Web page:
Changing the point at which mouseEnter() is called for a component

When the mouse cursor is dragged over the bottom edge of a component (in this case a DrawableButton), mouseEnter() is not called for that component as soon as the mouse cursor enters the component’s bounds, but rather when it overlaps by a few pixels.

This is illustrated below, where the left screenshot below shows the mouse entering the component, and the right component shows the position at which mouseEnter() is called. This is on macOS 10.14.

NotInside Inside

What is the reason for this behaviour? Is the OS reporting the cursor x, y position as the first pixel within the black part of the cursor? …or is something off with JUCE’s screen position scaling?

In any case, how are people dealing with this? I guess in the case of DrawableButton, the button can be given an e.g. 3px border to compensate, but this then makes sizing a pain and creates problems if you have adjacent buttons.


Isn’t that just where the hot-spot of the cursor is on macOS?
I think it’s the first black pixel. Have you tried this on other software?

Yes, I am experiencing the same problem.
I am dealing with it by adding a 3px border around the component.

Note though: Windows works differently. This problem only appears on OSX. In Windows the mouse is very precise. As soon as the first pixel of the mouse enters the component, a call to mouseEnter() is made (at least in Win 10).

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Isn’t that just where the hot-spot of the cursor is on macOS? I think it’s the first black pixel.

After a bit of closer investigation it seems like the default hot spot is actually somewhere in between the zeroth white pixel and the zeroth black pixel. I determined this with a small Swift app that reports NSEvent.mouseLocation. The cursor is at y=0 when the black portion is fully off the screen and the white tip is partially on. It moves past y=799 (800 screen height) as the tip nudges slightly off the screen. The effect becomes more obvious with a larger cursor size.

Have you tried this on other software?

Yes, and the mouse does seem to become active slightly sooner for native UI elements than it does for JUCE components. When you take into account things like shadows around native buttons etc, the difference becomes more subtle, and it’s possible these factors account for the perceived difference in behaviour.

I think the answer is probably to do as @Alatar suggests and make clickable area slightly bigger than the button graphic. This is reasonable practice anyway, and seems to be what Apple do.


Well my opinion is that if you’ve built a GUI in which moving the mouse by 1 pixel actually makes a noticeable difference to the way things work, then you badly need to rethink your UX design.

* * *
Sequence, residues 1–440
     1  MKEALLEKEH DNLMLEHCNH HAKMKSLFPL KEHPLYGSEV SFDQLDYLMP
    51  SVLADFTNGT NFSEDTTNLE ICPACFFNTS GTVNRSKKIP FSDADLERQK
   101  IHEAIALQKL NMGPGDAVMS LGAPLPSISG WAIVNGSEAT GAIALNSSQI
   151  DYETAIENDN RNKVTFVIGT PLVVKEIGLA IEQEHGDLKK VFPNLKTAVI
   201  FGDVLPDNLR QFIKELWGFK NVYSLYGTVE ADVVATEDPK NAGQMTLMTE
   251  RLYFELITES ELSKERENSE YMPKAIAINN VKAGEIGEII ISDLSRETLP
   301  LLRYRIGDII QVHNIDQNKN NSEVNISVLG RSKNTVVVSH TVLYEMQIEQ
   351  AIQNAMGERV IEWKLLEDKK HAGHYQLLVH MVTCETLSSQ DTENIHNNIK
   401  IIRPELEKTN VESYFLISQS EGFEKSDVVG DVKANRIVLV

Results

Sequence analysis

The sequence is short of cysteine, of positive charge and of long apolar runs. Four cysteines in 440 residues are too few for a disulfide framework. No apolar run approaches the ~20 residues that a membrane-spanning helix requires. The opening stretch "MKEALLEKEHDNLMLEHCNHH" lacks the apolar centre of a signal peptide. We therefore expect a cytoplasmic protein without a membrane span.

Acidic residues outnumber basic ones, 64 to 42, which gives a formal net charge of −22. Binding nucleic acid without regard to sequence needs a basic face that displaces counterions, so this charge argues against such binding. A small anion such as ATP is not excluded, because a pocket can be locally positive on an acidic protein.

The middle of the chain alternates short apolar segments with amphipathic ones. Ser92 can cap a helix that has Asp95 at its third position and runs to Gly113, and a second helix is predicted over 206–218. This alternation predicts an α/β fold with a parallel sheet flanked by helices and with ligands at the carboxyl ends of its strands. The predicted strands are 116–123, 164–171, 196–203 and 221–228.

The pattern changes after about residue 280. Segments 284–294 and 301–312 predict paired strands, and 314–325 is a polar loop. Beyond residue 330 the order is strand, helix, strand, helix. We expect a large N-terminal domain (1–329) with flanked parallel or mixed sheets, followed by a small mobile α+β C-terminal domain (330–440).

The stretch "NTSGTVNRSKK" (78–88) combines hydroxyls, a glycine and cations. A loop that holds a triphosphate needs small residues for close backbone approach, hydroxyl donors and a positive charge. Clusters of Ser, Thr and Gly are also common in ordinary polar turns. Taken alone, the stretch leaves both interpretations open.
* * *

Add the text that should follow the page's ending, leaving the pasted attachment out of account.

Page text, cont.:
@jules you are right. And I think I wrongly framed this thread as being about when mouseEnter() is called when it’s actually a question of UI design.

Here’s where a JUCE button becomes clickable:


And here’s where a native macOS button becomes clickable:


My opinion is the bottom design is better, and it seems to be what users expect, which is what prompted me and others to post on this. It’s not really about mouse hotspots and components, it’s about how the visual representation of the UI relates to its behaviour.

Obviously this can be customised, but I think in JUCE the defaults would benefit from tweaking.

Sure, but you could style a button in any way you like, leaving as much border as you want between the rectangle and the edge of the button.

The OSX one probably isn’t done that way because of the mouse-over behaviour - it has a small drop-shadow so they probably just left a couple of pixels at the bottom to draw that, and a side-effect is that the mouse seems to enter it a bit lower.

I think the underlying problem in my case is that I’ve been using DrawableButton with DrawableButton::ImageStretched to make copying mockups easier (image size = button size), when in fact this is a mistake as DrawableButton::ImageStretched causes edgeIndent to be ignored.

A better approach would be to use DrawableButton::ImageFitted, then the image gets a default indent of 3px (or more if needed). It just means button bounds need to be edgeIndent larger than the required image size.

(Leaving this here in case anyone else goes through the same process!)

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